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PRAGER v. KNIGHT/TRIMARK GROUP

United States District Court, District of New Jersey, D.


October 27, 2000

YAKOV PRAGER, INDIVIDUALLY AND ON BEHALF OF ALL OTHERS SIMILARLY SITUATED, PLAINTIFF,
V.
KNIGHT/TRIMARK GROUP, INC. AND JOHN DOES 1-10, DEFENDANTS.

The opinion of the court was delivered by: Debevoise, Senior District Judge.

OPINION

This action arises out of allegations that defendant Knight/Trimark Group, Inc. ("Knight"), a "market maker" engaged in the business of executing the purchase and sale of NASDAQ securities for various brokerage houses, improperly used information about retail customers' intent to trade particular securities in order to execute its own trades for its own profit before executing its customers' trades. Plaintiff Yakov Prager asserts five causes of action against Knight, individually and on behalf of all others similarly situated, alleging breach of contract, violation of the implied covenant of good faith, breach of fiduciary duty, unjust enrichment, and violation of New Jersey's Consumer Fraud Act.

Plaintiff alleges that although the Rules of Conduct of the National Association of Securities Dealers ("NASD") require brokers to execute retail customers' trades at the best available market price, without excessive markups, and that market makers execute their customers' trades before their own, Knight traded "in advance of such retail customers," thus giving Knight "an informational advantage amounting to exclusive intelligence on which it can trade for its own profit." (Compl. ¶¶ 11-20.) Plaintiff alleges that "[s]uch practice violates the NASDAQ rules of conduct, the implied and express agreements between Plaintiff and the Class of customers and the broker/dealers for whom they act, and the fiduciary obligations of defendant." (Compl. ¶ 21.) Plaintiff asserts, inter alia, that Knight

concealed, suppressed and omitted the fact that it was executing for Plaintiff and the other class members orders in a manner which caused Plaintiff and the class customers to pay artificially higher prices than they would have otherwise paid. Defendant failed to disclose[] this information with the intent that Plaintiff and Class members rely upon such concealment, suppression or omission. (Compl. ¶ 44.)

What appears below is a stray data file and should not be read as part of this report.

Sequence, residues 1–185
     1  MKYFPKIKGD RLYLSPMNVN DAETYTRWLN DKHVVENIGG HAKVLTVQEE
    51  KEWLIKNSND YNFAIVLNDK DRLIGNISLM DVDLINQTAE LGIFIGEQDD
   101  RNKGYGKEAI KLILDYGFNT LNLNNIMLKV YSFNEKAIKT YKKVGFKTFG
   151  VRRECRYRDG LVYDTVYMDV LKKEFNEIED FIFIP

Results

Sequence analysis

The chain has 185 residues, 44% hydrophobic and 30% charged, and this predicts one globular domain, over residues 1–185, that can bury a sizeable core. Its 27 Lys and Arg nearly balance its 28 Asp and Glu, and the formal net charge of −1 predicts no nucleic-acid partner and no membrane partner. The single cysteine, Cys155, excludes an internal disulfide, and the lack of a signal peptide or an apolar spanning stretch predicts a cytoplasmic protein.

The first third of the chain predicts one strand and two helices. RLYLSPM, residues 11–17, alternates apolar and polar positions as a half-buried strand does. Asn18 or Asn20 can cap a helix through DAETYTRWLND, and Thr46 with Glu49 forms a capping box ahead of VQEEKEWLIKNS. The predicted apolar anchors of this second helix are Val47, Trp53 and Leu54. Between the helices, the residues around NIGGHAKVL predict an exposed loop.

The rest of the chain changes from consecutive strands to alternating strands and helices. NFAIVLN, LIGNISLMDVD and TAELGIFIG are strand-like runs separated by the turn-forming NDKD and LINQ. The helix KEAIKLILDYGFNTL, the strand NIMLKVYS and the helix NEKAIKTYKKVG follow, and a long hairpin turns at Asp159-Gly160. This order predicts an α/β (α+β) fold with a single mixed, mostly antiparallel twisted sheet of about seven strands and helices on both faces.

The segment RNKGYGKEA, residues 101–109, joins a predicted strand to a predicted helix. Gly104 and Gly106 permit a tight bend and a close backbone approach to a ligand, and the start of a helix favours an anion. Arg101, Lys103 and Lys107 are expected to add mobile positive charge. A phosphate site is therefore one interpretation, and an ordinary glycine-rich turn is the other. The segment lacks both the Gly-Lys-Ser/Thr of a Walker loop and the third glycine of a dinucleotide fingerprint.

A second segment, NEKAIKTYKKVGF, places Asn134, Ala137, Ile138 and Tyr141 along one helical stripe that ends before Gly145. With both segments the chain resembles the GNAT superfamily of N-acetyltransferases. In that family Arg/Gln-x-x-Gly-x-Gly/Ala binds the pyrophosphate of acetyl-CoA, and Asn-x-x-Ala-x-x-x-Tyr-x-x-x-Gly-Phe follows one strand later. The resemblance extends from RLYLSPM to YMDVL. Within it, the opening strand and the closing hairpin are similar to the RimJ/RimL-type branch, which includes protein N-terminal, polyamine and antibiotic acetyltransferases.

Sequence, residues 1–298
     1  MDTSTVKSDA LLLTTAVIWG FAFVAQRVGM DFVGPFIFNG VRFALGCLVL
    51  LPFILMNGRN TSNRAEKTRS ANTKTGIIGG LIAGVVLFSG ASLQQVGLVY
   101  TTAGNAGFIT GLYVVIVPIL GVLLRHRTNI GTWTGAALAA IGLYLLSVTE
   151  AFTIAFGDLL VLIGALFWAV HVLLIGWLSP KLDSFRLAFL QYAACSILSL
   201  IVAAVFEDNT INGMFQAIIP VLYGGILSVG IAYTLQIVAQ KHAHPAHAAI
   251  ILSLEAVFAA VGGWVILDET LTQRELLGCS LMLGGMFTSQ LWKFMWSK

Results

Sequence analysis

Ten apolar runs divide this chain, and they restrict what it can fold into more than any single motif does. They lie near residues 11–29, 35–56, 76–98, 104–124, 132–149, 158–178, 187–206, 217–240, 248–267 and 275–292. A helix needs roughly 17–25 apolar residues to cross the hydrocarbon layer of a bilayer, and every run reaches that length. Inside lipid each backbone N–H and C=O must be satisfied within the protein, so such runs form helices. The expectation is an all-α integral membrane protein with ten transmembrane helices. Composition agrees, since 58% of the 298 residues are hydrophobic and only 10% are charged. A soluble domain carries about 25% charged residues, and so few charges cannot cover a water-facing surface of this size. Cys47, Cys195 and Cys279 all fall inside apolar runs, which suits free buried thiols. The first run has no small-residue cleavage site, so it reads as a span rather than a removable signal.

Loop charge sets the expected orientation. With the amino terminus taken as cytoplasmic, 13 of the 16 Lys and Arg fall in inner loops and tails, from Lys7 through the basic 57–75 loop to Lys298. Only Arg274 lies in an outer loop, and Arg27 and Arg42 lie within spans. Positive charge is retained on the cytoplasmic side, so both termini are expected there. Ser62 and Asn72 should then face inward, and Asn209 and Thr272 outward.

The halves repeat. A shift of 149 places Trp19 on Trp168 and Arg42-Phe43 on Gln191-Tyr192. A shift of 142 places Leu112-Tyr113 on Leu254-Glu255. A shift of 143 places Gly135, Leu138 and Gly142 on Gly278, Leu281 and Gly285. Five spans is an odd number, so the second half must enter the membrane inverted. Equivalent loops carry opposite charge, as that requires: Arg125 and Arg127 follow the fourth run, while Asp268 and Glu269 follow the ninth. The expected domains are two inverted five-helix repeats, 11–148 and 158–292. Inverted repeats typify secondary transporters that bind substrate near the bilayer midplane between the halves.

On March 17, 2000, plaintiff filed this action against Knight in the Superior Court of New Jersey, Hudson County, purporting to represent "all retail purchasers and sellers throughout the United States of NASDAQ listed securities whose orders were executed through [Knight], during the period March 3, 1996 through March 3, 2000." (Compl. ¶ 3.) On June 2, 2000, defendant filed a notice of removal of this action to federal court pursuant to 15 U.S.C. § 78bb(f)(2) of the Securities Litigation Uniform Standards Act of 1998 ("SLUSA") because the case "involves a `covered security'" under the Act. (Def. Notice of Removal, ¶ 7.)

On July 5, 2000, plaintiff filed a motion to remand the case to state court, arguing that the case is not removable under SLUSA because it does not "involve[] a covered security." (Pl.Br. at 3.) Defendant opposes, and simultaneously moves to dismiss the complaint, alleging that the case was properly removed to federal court under SLUSA's removal provision and that the complaint should now be dismissed because plaintiff's claims are preempted by SLUSA.

Standard for Removal

Doubts concerning removability are usually resolved in favor of remanding the case to state court. Shamrock Oil & Gas Corp. v. Sheets, 313 U.S. 100, 104, 61 S.Ct. 868, 85 L.Ed. 1214 (1941); Ortiz v. Sam's Club Membership Warehouse, 41 F. Supp.2d 545, 546 (D.N.J. 1999). The removing party has the burden of establishing that removal is proper. Steel Valley Auth. v. Union Switch & Signal Div., Am. Standard, Inc., 809 F.2d 1006, 1010 (3d Cir. 1987).

Discussion

Enacted in 1998, SLUSA amended the Securities Act of 1934 to preclude a private party from bringing a "covered class action" in federal or state court, based on state law, alleging a "misrepresentation or omission of a material fact" or the use of "any manipulative or deceptive device or contrivance" "in connection with the purchase or sale of a covered security." 15 U.S.C. § 78bb(f)(1).

SLUSA, 15 U.S.C. § 78bb(f)(1) provides as follows:

No covered class action based upon the statutory or common law of any State or subdivision thereof may be maintained in any State or Federal court by any private party alleging —

(A) a misrepresentation or omission of a material fact in connection with the purchase or sale of a covered security; or

(B) that the defendant used or employed any manipulative or deceptive device or contrivance in connection with the purchase or sale of a covered security.

Generally, a "covered class action" involves common questions of law or fact brought on behalf of more than 50 persons or an action brought on behalf of one or more unnamed parties. 15 U.S.C. § 78bb(f)(5)(B). A "covered security" is one that is, inter alia, listed or authorized for listing on the New York Stock Exchange, the American Stock Exchange, or the NASDAQ Stock Market. 15 U.S.C. § 78r(b).

SLUSA provides for limited exceptions, termed "preserved" actions. 15 U.S.C. § 78bb(f)(3).*fn1 SLUSA further provides for the removal of covered class actions from state to federal court: "Any covered class action brought in any State court involving a covered security, as set forth in paragraph (1), shall be removable to the Federal district court for the district in which the action is pending, and shall be subject to paragraph (1)." 15 U.S.C. § 78bb (f)(2). Thus, because SLUSA provides for removal of "covered class actions" asserting state law claims that satisfy 15 U.S.C. § 78bb(f)(1), if a case is properly removed to federal court under SLUSA, it naturally follows that the case must also be dismissed. See Burns v. Prudential Securities, 116 F. Supp.2d 917, 920, n. 1 (N.D.Ohio 2000).